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    Agreed. While black bears are not typically dangerous, they should never be trusted or taken lightly. And a scared animal, any scared animal, can at the very least hurt you.

    Surprising a bear is probably one of the worst things that can happen in the woods.
     
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  4. <*(((><
    • Contributing Member

    <*(((>< Contributing Member

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    Or being hunted by a mountain lion.
     
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  5. Trunk Monkey

    Trunk Monkey member

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    The bear population in Colorado Springs is out of control. Every time something like this happens and the bear has to be euthanized the SJWs Raise Hell.

     
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  6. 460Shooter

    460Shooter Member

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    Yeah that's no good either. I have a lot of lions where I live and come across their tracks regularly. They don't typically attack, though there was a recent incident in Colorado where a jogger was attacked by a young male cat.

    He choked the cat to death. Seriously...……….. He choked him the hell out.
     
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  7. 460Shooter

    460Shooter Member

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    LOL! I love how he knew how to open the fridge and cabinets without damaging them. That bear has done this before.
     
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  8. Trunk Monkey

    Trunk Monkey member

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    Mountain lions are the one animal I've never run into in Colorado Springs (Well, I've never run into a Duck Billed Platypus here either), although I might have seen one run across 30th street one night.

    I was hiking on Old Stage Road in Colorado Springs one morning and heard an African Lion roar. I freaked out a little until I realized I was up the hill from Cheyenne Mountain Zoo and that I had, in fact heard a lion roaring.
     
    Last edited: Dec 4, 2019
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  9. Trunk Monkey

    Trunk Monkey member

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    Well, he never did it again.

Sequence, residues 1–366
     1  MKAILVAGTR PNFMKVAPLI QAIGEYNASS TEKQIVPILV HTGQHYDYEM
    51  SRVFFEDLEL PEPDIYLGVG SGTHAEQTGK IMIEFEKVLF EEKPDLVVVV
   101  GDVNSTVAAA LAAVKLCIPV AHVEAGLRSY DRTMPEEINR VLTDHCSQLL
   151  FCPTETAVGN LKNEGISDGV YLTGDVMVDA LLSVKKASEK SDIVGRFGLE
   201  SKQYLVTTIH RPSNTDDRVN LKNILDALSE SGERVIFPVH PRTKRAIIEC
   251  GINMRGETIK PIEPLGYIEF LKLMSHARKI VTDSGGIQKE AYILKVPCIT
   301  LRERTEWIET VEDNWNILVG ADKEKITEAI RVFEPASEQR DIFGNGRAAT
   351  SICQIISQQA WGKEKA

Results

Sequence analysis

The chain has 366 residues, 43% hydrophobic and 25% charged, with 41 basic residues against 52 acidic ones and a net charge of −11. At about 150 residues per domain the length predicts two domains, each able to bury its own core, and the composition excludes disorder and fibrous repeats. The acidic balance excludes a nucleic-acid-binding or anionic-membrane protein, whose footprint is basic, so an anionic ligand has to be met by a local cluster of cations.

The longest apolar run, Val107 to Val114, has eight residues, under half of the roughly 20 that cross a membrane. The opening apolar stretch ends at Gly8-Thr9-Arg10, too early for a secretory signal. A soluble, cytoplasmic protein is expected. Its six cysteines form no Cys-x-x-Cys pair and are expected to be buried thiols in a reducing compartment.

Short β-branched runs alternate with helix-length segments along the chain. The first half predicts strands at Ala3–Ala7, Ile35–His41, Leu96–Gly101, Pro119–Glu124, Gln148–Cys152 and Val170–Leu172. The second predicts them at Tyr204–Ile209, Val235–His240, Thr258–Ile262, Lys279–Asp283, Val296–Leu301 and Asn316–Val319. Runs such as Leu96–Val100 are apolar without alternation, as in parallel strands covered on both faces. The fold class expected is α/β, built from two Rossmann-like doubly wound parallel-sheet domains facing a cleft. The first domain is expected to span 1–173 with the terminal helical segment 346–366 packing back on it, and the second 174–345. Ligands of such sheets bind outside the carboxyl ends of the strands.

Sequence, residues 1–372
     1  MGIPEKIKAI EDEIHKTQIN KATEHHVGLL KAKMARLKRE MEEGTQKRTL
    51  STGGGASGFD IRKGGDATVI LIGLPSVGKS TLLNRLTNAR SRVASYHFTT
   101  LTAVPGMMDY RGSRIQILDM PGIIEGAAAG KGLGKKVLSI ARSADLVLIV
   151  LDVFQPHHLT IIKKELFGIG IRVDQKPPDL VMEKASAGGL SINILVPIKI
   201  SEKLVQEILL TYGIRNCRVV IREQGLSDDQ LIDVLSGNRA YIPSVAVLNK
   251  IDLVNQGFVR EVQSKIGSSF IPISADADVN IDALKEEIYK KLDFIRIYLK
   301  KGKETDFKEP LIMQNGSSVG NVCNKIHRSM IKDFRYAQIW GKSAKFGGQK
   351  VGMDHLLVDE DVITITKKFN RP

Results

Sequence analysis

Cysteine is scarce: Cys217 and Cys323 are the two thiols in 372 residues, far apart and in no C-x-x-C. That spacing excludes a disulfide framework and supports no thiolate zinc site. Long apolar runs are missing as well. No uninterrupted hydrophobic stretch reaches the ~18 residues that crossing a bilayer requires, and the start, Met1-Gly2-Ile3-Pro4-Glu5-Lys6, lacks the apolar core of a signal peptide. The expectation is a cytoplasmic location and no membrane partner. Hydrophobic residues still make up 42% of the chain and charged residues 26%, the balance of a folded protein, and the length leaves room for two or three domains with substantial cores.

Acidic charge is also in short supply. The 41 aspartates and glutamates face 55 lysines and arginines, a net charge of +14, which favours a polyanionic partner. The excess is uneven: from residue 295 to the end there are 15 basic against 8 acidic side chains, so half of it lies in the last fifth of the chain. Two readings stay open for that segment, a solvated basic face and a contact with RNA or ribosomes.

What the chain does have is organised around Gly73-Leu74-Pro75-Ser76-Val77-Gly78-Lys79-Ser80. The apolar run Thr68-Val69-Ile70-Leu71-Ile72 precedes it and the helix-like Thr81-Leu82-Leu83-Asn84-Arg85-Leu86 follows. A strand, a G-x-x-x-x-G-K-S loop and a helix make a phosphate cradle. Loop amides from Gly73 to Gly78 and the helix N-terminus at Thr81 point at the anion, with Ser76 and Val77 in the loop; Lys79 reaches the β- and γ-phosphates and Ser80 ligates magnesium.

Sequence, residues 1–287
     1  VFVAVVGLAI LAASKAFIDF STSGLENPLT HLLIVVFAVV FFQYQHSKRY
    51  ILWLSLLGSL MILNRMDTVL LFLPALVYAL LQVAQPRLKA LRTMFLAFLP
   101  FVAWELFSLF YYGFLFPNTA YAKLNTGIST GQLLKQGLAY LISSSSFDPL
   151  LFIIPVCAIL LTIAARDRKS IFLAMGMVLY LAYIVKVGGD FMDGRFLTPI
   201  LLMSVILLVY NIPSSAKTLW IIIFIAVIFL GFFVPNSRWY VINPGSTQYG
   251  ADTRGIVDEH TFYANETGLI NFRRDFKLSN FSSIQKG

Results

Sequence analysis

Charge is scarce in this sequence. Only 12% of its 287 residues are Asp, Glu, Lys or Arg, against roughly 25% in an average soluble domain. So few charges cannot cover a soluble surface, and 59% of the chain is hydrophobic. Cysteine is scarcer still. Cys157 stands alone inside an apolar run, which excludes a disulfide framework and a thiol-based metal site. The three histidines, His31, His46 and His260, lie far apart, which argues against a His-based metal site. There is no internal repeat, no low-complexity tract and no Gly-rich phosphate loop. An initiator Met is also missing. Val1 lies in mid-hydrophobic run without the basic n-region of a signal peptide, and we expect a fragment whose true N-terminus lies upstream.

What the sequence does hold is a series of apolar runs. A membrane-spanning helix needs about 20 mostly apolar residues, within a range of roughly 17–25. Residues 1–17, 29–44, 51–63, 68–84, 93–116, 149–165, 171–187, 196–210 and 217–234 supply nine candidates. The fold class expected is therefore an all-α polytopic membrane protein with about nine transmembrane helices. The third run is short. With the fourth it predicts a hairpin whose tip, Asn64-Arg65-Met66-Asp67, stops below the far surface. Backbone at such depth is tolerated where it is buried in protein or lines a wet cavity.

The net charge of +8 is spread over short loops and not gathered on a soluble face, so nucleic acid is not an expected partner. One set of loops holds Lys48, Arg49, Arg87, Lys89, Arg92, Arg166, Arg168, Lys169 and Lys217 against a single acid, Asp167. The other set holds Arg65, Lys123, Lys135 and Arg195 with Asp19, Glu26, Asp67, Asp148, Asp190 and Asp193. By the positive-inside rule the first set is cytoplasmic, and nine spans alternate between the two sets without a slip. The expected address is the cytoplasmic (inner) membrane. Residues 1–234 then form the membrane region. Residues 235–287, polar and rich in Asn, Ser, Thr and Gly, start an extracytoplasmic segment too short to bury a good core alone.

There was some STUPID woman who lived in a neighborhood on the West side of town who was cited numerous times for feeding bears in her back yard. Apparently she even left her kitchen slider open and left oatmeal out on the counter of her kitchen for them.

    I keep waiting to hear one of them killed her but it hasn't happened yet
     
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  10. 460Shooter

    460Shooter Member

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    Give it time. Stupidity like that is self limiting.

    They are elusive animals. I've had the pleasure of seeing two clearly, a third from a distance, and suspect I was being trailed by one. I caught a glimpse of a brown head disappearing behind a bush in reaction to me turning and looking it's way. It's one of two times I've had to draw a gun. I waited for a dopy whitetail to run off, but nothing moved, and I wasn't about to approach the juniper bush to verify.
     
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  11. lemaymiami

    lemaymiami Member

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    My brother has lived up in Alaska for at least forty years now. He's just off the Glenn Highway a few miles north of Palmer and has been living a subsistence lifestyle from the beginning (his idea of a rifle is a 375 H&H - he has three of them). Whenever he sees grizzly tracks on his property (was forty acres - much less now...) he doesn't worry about the bear at all. He says that grizzlies are roamers and cover miles and miles as a routine... Whenever he finds black bear tracks on his property he starts making plans to deal with the animal (he likes bear for roasts and stews as well...). In his opinion a black bear will hang around and begin causing trouble if not dealt with... He's not concerned about his property - it's the kids, grandkids, and his dog he's concerned about.

    Like I've already said, the black bears I saw looking across the river from his place were quite big, I never expected to see them that size....
     
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  12. Trunk Monkey

    Trunk Monkey member